• \$\begingroup\$ I would just like to point out that 20ft in the air is only 1d6 falling damage, unlikely to be lethal unless you were knocked heavily into the negatives. \$\endgroup\$
    – GreySage
    Sep 8, 2015 at 16:38
  • \$\begingroup\$ @GreySage 2d6 - 1d6 per 10' \$\endgroup\$
    – YogoZuno
    Jun 17, 2020 at 21:04

3 Answers 3


The player would be correct if the spell ended. But in the case of this spell he is wrong. If you take a look at the spell it has no concentration required to have the spell active. Instead the spell has a fixed duration after which you float downwards (even if the spell is dispelled instead of it ending normally).

Thus in that case he is correct he would float down safely.

BUT as it has a fixed duration and no concentration is required to uphold it the spell does NOT end if you are knocked unconscious. In that case you have the same problem as a dragon or a bird that gets knocked unconscious in mid air.......or in other words you drop like a stone. In this case the last paragraph of the fly spell comes into effect:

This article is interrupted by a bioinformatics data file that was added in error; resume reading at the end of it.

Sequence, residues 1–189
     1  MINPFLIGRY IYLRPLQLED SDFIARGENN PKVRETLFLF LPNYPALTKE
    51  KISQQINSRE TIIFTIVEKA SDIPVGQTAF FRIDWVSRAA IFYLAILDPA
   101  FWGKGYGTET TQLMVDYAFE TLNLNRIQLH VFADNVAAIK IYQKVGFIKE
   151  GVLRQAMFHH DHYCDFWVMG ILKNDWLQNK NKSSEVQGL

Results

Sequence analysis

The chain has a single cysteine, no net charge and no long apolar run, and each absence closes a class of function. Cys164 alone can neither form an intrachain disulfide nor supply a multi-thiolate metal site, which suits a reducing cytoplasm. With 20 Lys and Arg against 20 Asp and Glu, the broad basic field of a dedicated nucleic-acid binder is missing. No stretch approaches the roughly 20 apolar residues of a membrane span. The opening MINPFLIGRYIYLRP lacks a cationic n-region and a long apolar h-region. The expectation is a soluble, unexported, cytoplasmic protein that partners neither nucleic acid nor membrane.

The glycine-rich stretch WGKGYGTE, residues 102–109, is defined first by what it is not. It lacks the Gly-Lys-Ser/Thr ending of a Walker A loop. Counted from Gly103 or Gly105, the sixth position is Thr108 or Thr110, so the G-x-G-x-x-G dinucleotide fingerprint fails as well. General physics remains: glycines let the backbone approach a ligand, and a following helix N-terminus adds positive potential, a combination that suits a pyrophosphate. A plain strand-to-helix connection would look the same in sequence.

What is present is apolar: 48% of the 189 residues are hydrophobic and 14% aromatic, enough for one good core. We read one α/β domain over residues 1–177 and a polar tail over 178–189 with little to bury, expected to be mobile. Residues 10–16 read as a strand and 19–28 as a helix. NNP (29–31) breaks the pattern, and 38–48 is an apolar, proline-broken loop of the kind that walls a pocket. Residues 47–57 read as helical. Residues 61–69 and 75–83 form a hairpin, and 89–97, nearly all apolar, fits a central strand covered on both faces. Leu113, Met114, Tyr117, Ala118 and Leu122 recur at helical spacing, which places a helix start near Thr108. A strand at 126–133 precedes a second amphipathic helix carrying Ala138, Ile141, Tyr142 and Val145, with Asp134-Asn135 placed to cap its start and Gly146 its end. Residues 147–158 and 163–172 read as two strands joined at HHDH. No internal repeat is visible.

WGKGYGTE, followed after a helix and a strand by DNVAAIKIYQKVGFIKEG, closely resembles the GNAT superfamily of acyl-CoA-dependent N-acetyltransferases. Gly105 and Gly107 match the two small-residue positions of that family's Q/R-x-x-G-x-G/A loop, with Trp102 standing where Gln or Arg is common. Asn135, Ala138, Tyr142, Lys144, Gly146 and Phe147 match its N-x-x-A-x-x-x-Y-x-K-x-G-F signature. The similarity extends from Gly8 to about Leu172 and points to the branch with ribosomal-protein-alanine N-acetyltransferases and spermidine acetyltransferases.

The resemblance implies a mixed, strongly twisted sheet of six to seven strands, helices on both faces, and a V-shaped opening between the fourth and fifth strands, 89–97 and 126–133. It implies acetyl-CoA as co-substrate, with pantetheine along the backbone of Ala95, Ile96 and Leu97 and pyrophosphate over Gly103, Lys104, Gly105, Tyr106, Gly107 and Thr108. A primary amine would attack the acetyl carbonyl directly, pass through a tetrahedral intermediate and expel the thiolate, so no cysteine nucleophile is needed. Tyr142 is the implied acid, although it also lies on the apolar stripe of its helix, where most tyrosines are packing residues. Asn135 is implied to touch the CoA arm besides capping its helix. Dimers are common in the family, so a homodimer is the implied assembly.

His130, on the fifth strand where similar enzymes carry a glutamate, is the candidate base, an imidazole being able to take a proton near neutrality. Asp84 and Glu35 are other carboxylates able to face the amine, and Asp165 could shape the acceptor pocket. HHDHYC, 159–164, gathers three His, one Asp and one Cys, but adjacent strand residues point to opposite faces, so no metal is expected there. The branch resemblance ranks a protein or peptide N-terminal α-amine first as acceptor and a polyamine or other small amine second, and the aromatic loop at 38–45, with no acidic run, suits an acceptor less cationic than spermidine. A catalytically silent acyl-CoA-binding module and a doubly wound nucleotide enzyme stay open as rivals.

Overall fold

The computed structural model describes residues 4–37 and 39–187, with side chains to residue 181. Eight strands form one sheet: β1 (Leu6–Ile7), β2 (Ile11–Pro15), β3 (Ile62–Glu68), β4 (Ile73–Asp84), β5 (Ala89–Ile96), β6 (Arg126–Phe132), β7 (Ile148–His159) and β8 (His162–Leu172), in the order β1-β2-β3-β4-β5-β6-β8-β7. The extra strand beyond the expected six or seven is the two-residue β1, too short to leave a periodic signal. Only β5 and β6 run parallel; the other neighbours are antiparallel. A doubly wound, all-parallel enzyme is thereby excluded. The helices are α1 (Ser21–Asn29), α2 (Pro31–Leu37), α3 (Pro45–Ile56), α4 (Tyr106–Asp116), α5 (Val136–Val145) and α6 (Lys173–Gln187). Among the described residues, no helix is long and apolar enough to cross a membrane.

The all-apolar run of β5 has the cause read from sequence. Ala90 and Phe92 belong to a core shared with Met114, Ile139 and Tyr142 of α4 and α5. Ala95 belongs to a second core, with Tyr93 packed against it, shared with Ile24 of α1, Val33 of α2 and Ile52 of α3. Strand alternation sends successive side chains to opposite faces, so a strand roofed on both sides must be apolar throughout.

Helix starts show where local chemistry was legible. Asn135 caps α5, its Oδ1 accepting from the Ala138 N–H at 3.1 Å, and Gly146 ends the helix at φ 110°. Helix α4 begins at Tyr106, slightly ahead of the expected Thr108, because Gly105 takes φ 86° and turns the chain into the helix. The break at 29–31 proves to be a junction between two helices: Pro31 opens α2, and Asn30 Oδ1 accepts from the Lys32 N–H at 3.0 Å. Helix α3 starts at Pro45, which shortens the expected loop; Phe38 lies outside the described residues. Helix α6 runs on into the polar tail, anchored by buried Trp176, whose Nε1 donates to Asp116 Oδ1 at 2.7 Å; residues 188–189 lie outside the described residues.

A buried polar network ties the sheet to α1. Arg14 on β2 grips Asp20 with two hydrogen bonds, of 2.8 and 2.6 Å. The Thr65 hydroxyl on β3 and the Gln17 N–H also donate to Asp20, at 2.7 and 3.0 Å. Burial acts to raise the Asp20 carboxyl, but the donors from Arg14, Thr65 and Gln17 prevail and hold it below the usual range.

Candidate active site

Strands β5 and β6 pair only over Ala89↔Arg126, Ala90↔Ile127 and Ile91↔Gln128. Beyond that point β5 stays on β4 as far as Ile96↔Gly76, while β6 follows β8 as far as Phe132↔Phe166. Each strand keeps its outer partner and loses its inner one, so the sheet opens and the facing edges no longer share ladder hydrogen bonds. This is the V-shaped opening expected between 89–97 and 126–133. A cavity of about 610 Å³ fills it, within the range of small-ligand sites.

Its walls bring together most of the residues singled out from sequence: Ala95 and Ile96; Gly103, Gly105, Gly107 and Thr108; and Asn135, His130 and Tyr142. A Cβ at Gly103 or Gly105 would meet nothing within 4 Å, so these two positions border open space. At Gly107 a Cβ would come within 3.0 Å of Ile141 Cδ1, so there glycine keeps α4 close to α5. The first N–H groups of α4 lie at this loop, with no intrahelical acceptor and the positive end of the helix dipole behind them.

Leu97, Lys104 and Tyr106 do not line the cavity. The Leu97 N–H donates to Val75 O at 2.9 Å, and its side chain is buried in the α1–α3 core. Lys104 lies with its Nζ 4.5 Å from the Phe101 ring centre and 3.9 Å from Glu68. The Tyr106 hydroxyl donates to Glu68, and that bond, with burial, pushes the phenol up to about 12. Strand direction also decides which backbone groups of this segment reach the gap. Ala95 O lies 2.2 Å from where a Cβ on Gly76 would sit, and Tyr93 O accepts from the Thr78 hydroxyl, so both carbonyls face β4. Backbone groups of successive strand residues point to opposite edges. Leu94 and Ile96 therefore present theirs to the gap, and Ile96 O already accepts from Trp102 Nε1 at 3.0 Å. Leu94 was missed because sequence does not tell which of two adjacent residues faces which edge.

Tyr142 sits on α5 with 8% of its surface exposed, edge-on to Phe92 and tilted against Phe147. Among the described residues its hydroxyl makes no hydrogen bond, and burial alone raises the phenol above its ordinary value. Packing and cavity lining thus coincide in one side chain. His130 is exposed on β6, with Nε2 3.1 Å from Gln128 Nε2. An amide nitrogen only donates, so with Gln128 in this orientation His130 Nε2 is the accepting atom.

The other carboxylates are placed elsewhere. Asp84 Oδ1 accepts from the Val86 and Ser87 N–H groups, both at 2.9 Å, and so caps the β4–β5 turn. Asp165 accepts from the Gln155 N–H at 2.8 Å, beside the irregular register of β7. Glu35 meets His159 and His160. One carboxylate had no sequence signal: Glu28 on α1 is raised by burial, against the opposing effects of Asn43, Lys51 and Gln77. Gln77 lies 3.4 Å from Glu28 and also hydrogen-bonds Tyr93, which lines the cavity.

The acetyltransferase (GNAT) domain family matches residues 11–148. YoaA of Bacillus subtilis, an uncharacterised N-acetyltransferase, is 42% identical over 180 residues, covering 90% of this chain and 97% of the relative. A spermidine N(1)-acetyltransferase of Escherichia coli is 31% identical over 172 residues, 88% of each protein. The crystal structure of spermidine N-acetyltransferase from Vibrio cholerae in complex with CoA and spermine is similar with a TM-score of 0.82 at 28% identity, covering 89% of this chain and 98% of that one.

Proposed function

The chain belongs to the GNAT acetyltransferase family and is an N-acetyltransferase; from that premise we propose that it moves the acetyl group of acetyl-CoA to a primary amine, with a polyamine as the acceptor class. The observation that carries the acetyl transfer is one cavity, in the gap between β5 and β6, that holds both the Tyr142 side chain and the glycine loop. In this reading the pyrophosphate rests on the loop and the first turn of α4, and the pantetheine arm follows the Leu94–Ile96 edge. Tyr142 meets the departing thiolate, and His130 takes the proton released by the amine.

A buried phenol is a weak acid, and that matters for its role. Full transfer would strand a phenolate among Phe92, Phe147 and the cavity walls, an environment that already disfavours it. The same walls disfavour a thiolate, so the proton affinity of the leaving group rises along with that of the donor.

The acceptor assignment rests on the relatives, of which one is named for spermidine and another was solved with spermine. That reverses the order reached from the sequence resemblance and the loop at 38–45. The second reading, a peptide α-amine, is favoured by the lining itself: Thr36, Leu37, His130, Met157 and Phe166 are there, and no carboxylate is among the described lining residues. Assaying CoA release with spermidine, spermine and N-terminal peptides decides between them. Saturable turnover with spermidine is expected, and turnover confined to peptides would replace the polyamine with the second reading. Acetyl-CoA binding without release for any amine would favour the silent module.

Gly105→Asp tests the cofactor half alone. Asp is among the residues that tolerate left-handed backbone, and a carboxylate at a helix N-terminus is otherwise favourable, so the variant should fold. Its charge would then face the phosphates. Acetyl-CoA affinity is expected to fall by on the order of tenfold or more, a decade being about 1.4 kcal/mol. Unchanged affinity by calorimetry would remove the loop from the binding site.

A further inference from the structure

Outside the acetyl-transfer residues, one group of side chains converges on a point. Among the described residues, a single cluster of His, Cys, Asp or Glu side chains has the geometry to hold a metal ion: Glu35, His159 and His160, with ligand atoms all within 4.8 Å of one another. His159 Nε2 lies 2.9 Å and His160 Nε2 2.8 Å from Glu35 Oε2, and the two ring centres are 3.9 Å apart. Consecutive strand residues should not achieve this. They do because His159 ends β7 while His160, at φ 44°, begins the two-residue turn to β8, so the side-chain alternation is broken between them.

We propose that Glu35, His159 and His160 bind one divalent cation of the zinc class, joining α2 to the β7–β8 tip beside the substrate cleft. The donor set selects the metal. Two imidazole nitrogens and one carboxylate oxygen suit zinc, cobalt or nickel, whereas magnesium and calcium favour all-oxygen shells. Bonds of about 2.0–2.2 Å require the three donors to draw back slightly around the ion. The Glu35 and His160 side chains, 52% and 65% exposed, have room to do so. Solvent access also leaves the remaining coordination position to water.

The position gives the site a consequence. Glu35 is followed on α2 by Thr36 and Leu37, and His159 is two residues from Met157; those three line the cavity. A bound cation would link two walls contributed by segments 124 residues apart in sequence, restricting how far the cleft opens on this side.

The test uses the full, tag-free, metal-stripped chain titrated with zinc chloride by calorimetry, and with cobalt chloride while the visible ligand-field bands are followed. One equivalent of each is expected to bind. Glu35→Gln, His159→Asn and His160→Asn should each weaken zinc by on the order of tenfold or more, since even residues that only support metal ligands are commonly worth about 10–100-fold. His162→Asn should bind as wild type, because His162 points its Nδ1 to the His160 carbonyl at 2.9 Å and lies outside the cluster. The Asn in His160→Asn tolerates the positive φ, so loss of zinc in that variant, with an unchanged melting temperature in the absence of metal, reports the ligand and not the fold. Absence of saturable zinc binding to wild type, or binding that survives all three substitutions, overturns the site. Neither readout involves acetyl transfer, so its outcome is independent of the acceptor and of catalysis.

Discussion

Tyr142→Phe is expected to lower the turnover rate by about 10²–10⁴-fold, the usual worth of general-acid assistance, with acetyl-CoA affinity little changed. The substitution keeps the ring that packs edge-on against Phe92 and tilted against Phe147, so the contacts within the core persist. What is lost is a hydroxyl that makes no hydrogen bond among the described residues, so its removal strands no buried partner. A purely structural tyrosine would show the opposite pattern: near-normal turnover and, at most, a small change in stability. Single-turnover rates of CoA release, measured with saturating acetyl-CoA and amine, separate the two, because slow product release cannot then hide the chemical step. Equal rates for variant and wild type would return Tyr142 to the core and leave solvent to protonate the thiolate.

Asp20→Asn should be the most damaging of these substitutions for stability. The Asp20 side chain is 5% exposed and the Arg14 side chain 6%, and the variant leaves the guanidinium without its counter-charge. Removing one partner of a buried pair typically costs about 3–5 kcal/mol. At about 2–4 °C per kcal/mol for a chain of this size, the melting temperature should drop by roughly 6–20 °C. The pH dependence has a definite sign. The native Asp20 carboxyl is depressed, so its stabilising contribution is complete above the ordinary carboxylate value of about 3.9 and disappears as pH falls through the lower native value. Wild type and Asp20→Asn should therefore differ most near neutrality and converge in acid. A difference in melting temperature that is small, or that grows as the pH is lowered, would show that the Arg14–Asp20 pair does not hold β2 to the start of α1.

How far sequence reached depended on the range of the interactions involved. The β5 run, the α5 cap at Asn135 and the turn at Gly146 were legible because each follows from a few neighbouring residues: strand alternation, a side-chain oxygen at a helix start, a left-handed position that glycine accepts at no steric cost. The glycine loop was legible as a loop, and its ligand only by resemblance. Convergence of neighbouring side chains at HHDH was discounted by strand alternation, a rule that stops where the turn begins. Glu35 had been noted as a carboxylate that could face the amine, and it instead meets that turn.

See Falling Damage if something bad happens!

  • 2
    \$\begingroup\$ Dragons, and Birds aren't under the effect of magic specifically designed to keep you in the air and deliver you to the ground safely. Do you have anything to uphold your assertion that the Fly spell would cause you to fall if unconscious? \$\endgroup\$
    – Sandwich
    Sep 6, 2015 at 22:15

The rules certainly imply that the ruling was incorrect, but nothing says for sure. A preponderance of circumstantial evidence weighs heavily against you, however.

To begin, Thomas is correct that the spell hasn't ended, so the feather fall aspect of the spell does not officially come into play. Instead, we are left with dealing with the “realities” of magical flight, which are largely left undefined. But we do have some hints.